Wednesday, May 17, 2006

Food With Integrity and Work With Dignity

Tell McDonald's and Chipotle to Support Fair Wages for Farm Workers

Farm workers who pick tomatoes for McDonald's hamburgers and Chipotle's burritos earn about 45 cents for every 32-pound container of tomatoes they pick, a subpoverty wage that has remained stagnant for almost 30 years. Although Taco Bell signed an agreement last year with the Coalition of Immokalee Workers to pay an additional one cent per pound for tomatoes it purchases, McDonald's and Chipotle have refused to sign a similar agreement to raise wages in the fields. Tell McDonald's and Chipotle to support fair wages for farm workers and sign the agreement with the Coalition of Immokalee Workers now.

What's At Stake?

Tell McDonald's and Chipotle to Support Fair Wages for Farm Workers
The Coalition of Immokalee Workers (CIW), based in Immokalee, Fla., is a membership-led organization of agricultural workers. Florida is the leading producer of fresh tomatoes sold across the country to restaurants and grocery chains, and CIW members harvest these tomatoes.

In March 2005, the CIW reached a groundbreaking agreement with Yum! Brands, ending a four-year national boycott of one of its subsidiary companies, Taco Bell. The agreement calls for Taco Bell to pay farm workers an extra penny per pound for tomatoes it purchases. It also ensures farm workers, through the CIW, a place at the table in the design and enforcement of a stronger supplier code of conduct, creating important new avenues for farm workers to participate in the protection of their own labor rights, as well as transparency in Taco Bell's tomato supply chain.

For more than a year, the CIW has called on other fast-food companies to work with them to advance these precedents within their own supply chains. But McDonald's has responded to the coalition's invitation of partnership by working with their suppliers to resist and reverse the advances of improved wages, worker participation, and transparency that were achieved in the CIW-Yum! Brands agreement.

Chipotle Mexican Grill was, until recently, a wholly owned subsidiary of McDonald's. Following a public offering of the company in January 2006, McDonald's now owns a controlling interest in Chipotle.

Chipotle takes a strongly activist stance toward guaranteeing humane conditions in its supply chain—for farm animals. The company's "manifesto, "titled "Food With Integrity," discusses its mission to "revolutionize the way America grows and gathers its food" by "working back along the food chain" to encourage production of healthy vegetables and humane raising of animals by farmers.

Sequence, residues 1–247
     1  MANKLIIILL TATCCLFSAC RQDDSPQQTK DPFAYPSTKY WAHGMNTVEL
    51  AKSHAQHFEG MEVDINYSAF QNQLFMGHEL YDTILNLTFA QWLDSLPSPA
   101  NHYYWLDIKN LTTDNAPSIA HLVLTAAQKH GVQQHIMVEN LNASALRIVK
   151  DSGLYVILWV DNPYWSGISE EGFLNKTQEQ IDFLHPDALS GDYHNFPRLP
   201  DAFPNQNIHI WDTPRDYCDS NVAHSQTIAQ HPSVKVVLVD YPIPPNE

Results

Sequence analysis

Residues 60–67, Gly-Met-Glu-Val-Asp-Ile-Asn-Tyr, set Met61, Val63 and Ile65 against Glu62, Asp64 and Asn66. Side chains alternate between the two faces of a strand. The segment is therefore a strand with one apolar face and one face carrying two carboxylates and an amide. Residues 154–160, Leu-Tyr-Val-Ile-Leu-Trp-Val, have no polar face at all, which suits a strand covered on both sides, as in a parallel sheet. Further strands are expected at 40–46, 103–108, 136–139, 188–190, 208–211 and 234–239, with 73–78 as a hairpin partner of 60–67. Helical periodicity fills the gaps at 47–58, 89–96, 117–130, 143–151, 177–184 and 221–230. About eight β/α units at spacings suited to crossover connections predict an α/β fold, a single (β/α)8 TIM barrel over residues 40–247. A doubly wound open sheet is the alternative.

Chipotle recognizes that its volume purchasing of vegetables and meat place it in a position to demand the humane treatment of animals, yet its manifesto says nothing about the conditions under which people are laboring to harvest its produce.

The U.S. Department of Labor (DOL) has described farm workers as a labor force "in acute economic distress." Tomato pickers earn about 45 cents for every 32-pound container of tomatoes they pick, working from dawn to dusk without the right to overtime pay. The 45-cent piece rate has not changed in nearly 30 years. Annual income is extremely low. The DOL reports that farm workers earn an average of $7,500 to $10,000 per year. Of course, the vast majority of farm workers receive no benefits—no health insurance, no sick leave, and no vacation pay.

CIW is calling on Chipotle to expand its own "Food With Integrity" mission to include "Work With Dignity" for farm workers who harvest its tomatoes by partnering with the coalition to ensure improved wages and the participation of farm workers in the protection and advancement of their own rights. Further, CIW is calling on Chipotle to influence McDonald's to join Yum! Brands in working with the coalition for these important human rights advances in the agri-food industry.

For more information on the Coalition of Immokalee Workers, go to

Go to this link to take action

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